Washington State Dems Poised to Steal From Transit and Education to Appease Car Owners
Here’s a story that really speaks to the political clout of motorists.
Democrats in the state of Washington recently gained the majority in the State Senate and now control both arms of the state legislature. Tops on the their agenda: lowering taxes on drivers. They’re so motivated to do it, they’re willing to steal from transit riders and homeless students in the process.
At issue are fees on car ownership in the Seattle region that voters approved in 2016 to support a $53 billion transit improvement package. Despite the outcome of the vote, Democrats are raring to reduce the fees to appease car owners.
A version that passed the House of Representatives would cost Sound Transit about $2 billion. Senate Democrats decided to ease the impact on transit by exempting the agency from $518 million in sales tax. But that sales tax revenue was earmarked for schools, reports The Stranger’s Heidi Grover, including an educational program for homeless kids.
The legislative session ends tomorrow. Owen Pickford at the Urbanist says it’s not too late to kill the bill as it heads to conference committee.
In 2015, Democrats compromised with Republicans by passing a $15 billion, unneeded highway expansion so that the Sound Transit 3 package (ST3) could get a chance to be on the ballot. ST3 was passed overwhelmingly. Shortly after approving the ballot measure, right-wing, anti-tax media stoked outrage about car tabs. Despite this, Democrats won a special election by a large margin, giving them control of the entire state government. Flash forward to today and state Democrats only have until March 8th to pass legislation. Despite this short timeframe, they’ve decided cutting car tab fees is their priority. These cuts will blow a huge $2 billion-plus-sized hole in transit funding. Rather than backfilling that hole with anything (a capital gains tax perhaps?), state Democrats decided to take money from education funding that could help homeless kids. The $518 million from the education fund sounds like a lot but since it’s a backloaded source that won’t come in until projects are constructed while car tab fees are frontloaded and collected now, it won’t help as much as it sounds.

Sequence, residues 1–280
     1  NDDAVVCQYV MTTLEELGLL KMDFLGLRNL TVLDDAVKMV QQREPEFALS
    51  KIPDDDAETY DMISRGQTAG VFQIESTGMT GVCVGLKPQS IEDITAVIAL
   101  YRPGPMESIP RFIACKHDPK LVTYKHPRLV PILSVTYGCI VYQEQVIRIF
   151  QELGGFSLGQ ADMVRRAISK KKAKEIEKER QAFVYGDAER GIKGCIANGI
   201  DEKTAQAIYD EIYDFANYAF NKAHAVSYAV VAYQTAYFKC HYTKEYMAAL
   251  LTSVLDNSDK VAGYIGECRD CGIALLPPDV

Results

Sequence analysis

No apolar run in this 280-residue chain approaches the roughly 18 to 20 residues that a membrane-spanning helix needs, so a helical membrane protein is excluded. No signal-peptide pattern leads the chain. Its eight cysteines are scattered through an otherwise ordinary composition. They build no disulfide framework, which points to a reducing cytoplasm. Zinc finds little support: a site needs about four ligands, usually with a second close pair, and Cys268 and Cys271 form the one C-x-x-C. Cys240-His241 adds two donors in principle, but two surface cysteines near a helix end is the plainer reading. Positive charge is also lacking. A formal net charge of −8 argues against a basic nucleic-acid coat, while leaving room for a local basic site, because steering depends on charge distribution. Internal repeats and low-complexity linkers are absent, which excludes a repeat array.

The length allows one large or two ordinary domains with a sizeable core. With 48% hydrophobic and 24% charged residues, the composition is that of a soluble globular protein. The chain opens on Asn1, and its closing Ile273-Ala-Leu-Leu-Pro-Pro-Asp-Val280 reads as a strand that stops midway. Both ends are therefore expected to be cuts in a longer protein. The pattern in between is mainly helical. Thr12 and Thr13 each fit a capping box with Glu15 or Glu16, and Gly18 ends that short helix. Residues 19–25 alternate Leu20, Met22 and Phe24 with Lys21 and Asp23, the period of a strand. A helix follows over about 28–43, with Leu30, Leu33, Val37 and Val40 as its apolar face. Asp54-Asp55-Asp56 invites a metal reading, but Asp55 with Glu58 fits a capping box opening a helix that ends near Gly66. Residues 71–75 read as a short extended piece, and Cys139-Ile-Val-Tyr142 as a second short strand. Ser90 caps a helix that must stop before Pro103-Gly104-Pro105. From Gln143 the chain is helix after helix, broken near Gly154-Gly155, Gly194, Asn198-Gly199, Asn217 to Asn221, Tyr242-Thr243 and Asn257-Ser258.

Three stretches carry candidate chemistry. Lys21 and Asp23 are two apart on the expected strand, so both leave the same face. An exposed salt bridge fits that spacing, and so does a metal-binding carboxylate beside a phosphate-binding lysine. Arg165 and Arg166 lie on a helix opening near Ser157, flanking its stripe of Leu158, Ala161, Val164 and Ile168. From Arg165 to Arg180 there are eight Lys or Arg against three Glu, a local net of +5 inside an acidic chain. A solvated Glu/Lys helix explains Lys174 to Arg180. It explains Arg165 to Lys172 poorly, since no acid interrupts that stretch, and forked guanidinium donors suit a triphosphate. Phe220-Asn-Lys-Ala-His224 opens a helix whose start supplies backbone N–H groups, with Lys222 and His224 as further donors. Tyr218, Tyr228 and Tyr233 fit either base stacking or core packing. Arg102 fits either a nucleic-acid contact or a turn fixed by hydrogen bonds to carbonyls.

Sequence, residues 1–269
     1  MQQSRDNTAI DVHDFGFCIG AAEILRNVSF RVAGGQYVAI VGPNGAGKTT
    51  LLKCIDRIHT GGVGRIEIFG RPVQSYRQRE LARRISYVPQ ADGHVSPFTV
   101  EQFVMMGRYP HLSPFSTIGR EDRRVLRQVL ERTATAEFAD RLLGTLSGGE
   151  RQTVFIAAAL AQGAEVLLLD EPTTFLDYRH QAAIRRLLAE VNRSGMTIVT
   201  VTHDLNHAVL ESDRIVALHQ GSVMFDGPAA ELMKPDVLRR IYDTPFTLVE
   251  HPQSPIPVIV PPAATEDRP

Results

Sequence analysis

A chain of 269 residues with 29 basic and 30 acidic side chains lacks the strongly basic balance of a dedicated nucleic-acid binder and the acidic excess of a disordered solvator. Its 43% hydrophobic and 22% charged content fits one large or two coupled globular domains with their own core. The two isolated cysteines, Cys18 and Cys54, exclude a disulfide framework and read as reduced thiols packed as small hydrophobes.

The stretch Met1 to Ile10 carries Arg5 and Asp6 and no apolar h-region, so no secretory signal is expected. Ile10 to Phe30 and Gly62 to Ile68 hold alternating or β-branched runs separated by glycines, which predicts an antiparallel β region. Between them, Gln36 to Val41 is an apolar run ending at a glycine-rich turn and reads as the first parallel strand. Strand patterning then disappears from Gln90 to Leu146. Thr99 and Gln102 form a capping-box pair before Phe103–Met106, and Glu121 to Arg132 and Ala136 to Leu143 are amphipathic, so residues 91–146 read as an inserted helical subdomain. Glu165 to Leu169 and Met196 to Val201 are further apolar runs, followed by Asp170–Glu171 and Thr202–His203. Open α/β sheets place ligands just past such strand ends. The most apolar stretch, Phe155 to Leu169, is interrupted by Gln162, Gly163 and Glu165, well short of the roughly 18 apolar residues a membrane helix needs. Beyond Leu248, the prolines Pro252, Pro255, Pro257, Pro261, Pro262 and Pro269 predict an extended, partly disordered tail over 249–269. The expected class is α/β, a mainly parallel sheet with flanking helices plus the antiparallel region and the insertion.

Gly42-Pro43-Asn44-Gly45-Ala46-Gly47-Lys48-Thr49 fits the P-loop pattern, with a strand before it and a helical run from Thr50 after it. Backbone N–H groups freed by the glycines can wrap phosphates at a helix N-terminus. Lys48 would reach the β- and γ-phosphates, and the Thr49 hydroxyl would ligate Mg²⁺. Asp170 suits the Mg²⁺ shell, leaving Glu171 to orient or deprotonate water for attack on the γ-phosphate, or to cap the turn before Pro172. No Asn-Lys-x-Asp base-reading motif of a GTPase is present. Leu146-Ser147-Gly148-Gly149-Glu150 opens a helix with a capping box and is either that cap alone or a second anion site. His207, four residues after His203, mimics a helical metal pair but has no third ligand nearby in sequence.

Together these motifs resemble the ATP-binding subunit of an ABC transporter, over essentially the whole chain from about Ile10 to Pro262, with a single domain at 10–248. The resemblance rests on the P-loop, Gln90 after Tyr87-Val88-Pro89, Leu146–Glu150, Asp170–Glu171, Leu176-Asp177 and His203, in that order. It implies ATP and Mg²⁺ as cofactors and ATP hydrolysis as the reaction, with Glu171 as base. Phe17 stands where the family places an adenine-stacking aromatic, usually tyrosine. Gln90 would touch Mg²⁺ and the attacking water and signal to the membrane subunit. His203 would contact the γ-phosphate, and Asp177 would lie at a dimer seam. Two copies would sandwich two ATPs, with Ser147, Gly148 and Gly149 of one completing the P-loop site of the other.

Governor Jay Inslee, meanwhile, has not signaled whether he intends to sign the bill. The way things are shaping up, Democrats will be asking him to bend to car owners at the expense of education and transit.